Echoing a tune sung the previous Sunday by Trump surrogate Kellyanne Conway, Jarrett said Trump had been compassionate in saying he did not want to push an investigation into Clinton’s handling of emails while secretary of state. It is a mercy Trump may bestow, Jarrett warned, or take away.
“With a wave of his hand,” Jarrett said, “he could signal to his attorney general, ‘You know what? I’ve reconsidered yet again. Do what you think is right.’ And what do you bet Jeff Sessions will pursue a criminal case?”
Jarrett compared Clinton’s choices to holding a “get out of jail free card” in a game of Monopoly, although he twice mis-spoke the phrase as “get out of free jail card.”
“She squandered it,” Jarrett said. “She wasted it.”
Jarrett, a lawyer, seems to be under the widening delusion that Trump—elected by a minority of the voters—has been crowned emperor and can inflict his version of justice on whoever he wishes with a mere thumbs-up or thumbs-down—don’t fret about the judicial system.
“Gregg,” Cavuto said. “Great writing.”
That attitude of “Trump Triumphant: Get out of his way!” continued Thursday night on Fox on The Kelly File when super-duper celebrity and book-writing news actress Megyn Kelly used her show as a vessel for praise of Trump’s first stop on his “Sore Winner” tour in Cincinnati.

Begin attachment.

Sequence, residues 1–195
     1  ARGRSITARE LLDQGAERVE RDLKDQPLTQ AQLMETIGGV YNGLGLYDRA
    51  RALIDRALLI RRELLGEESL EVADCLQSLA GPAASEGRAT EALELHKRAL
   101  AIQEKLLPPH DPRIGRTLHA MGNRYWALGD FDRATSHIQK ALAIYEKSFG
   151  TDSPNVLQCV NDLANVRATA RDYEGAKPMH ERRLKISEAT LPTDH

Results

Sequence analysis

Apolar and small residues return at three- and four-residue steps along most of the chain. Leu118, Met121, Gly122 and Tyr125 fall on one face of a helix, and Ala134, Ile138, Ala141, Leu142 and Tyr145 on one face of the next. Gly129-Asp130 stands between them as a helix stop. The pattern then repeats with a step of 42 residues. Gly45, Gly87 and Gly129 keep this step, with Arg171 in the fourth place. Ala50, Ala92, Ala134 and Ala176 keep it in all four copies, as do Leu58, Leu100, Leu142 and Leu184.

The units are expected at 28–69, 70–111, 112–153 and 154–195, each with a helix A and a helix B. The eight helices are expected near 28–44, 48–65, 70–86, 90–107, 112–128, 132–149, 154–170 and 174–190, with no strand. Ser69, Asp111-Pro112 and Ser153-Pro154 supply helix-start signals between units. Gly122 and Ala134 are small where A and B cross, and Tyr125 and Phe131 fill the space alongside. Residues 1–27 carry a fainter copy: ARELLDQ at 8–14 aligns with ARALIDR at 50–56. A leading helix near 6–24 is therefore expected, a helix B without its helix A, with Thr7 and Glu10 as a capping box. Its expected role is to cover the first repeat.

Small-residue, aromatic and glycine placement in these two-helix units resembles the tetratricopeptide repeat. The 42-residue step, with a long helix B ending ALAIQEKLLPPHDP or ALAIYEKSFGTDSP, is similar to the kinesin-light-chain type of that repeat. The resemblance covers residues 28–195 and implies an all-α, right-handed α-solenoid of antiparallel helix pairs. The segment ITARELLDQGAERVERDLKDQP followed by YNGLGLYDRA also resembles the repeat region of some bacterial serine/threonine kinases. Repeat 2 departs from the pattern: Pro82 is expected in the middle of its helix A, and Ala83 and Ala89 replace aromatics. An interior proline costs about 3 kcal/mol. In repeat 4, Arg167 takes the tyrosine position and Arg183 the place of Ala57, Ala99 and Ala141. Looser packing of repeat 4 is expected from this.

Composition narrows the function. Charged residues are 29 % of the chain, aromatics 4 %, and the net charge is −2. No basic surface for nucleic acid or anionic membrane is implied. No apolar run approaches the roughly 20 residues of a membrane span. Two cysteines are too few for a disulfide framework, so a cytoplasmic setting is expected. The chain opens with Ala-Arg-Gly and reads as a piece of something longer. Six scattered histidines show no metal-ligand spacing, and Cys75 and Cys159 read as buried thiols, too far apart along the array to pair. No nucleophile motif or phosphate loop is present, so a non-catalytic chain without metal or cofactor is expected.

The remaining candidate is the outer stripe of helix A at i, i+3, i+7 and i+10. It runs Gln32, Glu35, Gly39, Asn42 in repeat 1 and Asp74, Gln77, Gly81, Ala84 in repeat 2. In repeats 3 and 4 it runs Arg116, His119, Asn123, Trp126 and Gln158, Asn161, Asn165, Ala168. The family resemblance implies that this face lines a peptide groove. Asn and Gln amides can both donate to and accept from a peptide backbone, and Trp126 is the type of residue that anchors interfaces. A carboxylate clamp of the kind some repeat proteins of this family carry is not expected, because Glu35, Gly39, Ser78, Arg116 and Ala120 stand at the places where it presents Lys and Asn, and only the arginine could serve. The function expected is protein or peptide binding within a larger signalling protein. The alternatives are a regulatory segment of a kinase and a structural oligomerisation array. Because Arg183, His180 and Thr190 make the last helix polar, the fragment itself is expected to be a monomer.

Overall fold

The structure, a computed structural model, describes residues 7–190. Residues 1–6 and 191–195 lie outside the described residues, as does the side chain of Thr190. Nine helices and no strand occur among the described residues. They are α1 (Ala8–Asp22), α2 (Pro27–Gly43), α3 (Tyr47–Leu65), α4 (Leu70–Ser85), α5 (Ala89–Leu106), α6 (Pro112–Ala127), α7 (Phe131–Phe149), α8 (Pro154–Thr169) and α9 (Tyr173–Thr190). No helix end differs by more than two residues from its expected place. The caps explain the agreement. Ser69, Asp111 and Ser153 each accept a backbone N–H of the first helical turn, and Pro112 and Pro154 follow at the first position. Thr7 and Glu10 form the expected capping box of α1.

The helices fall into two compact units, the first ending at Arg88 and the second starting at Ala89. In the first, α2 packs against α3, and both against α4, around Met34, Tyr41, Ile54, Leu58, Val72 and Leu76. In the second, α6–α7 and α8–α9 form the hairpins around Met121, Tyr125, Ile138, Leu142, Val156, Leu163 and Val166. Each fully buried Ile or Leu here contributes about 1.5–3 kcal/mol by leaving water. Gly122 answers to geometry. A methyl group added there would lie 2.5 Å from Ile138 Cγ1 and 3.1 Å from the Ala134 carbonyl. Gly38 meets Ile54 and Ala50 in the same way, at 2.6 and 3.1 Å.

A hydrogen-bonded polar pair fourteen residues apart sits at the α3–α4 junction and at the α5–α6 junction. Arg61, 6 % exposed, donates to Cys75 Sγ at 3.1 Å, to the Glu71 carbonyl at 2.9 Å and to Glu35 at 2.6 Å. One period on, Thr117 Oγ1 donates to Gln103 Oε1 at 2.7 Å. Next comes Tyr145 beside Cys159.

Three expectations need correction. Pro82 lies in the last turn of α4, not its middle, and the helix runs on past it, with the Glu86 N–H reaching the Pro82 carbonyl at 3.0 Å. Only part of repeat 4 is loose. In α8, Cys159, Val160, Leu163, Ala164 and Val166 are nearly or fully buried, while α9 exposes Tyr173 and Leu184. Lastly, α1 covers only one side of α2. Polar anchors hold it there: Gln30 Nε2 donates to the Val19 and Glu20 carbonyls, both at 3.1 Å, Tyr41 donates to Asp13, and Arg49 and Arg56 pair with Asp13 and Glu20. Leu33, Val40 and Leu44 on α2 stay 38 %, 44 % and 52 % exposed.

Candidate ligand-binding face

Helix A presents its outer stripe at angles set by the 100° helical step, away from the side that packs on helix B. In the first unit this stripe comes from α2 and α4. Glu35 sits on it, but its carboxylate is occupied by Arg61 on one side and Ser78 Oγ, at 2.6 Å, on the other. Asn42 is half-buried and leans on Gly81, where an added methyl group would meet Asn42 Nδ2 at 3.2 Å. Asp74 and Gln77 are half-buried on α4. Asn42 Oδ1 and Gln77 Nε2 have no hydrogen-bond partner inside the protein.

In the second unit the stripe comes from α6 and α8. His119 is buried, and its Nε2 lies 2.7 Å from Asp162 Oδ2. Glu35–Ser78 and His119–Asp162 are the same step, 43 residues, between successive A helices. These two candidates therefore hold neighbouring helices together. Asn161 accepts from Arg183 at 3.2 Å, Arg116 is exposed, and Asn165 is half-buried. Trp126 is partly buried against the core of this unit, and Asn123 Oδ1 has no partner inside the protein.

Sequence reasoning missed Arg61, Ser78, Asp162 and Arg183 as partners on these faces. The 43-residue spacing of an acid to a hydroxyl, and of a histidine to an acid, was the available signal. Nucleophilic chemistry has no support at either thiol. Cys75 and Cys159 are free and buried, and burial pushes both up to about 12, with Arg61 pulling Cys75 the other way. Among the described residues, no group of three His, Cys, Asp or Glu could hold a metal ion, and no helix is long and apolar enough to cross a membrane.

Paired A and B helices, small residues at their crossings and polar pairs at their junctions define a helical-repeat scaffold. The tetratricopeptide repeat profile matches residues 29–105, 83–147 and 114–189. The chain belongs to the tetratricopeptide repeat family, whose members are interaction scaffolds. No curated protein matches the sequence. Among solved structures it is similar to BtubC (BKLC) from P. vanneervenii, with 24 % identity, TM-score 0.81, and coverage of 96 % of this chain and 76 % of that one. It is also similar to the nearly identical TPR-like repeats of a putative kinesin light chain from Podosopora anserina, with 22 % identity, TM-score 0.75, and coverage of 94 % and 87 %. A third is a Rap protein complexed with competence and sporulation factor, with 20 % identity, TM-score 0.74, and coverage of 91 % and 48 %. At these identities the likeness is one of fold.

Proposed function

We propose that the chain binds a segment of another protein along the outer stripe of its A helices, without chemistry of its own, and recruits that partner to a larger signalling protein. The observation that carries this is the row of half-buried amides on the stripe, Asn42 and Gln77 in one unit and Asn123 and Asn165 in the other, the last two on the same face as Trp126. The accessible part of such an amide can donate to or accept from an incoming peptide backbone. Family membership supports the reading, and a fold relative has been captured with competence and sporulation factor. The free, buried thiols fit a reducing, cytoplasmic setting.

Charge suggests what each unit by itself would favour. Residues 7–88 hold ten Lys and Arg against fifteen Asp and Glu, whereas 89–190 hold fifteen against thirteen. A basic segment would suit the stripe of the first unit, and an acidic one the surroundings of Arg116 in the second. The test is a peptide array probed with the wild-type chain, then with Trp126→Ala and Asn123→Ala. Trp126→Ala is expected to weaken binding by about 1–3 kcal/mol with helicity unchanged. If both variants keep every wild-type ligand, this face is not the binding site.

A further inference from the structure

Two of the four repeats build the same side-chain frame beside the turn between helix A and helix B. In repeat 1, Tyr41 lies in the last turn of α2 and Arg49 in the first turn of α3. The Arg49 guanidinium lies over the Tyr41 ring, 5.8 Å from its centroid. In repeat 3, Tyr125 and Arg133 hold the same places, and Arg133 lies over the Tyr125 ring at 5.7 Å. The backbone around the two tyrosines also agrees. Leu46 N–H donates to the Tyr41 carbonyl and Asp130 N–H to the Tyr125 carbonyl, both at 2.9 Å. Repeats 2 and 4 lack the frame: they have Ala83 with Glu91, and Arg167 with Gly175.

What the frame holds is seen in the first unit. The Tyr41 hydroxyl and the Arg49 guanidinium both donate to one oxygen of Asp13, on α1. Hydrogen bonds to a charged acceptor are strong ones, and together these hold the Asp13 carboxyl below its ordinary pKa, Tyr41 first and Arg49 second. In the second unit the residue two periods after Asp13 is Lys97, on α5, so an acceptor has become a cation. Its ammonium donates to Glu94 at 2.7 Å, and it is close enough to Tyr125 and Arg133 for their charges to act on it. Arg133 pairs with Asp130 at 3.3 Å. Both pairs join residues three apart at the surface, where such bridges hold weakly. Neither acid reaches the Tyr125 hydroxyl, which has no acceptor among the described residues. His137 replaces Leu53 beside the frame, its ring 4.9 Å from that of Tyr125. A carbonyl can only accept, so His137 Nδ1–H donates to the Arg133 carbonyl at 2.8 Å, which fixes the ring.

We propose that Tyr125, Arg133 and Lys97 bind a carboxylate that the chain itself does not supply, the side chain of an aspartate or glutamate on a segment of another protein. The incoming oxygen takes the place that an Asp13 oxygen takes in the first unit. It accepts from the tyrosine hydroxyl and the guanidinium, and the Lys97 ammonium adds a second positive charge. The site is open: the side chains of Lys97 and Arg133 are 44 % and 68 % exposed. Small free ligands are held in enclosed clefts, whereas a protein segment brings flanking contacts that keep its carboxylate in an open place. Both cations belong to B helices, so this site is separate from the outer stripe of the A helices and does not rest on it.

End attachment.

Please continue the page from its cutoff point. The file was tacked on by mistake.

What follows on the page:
Kelly, who often plays the role of Mean Cheerleader, Thursday night played the rah-rah pom-pom girl with such sincerity that she stumbled for her very words as she began to read her script in a tongue-tied, gushing rush.
“What a—What a—What a speech it was!” Kelly squealed. “Optimistic! You know, at times—strong! At times, a little threatening of those who would cross America, in his view. Not dissimilar from what we heard from Ronald Reagan!”
Over on MSNBC, Rachel Maddow was a little less ebullient. She used the word “weird” five times in the first minute to describe Trump’s excessive dance in the electoral end zone.
Finally, on The 11th Hour with Brian Williams on MSNBC, Republican commentator Nicolle Wallace took a cold look at the deal Trump cut to save those 1,000 jobs at Carrier in Indiana.
After praising Trump’s manipulative presentation, Wallace added: “It’s flim-flam. It’s a scam.”
With that attitude, it is a good thing for her she works nights, and not in the sunny glare of Morning Joe.
Disclosure: Donald Trump is the father-in-law of Jared Kushner, the publisher of Observer Media.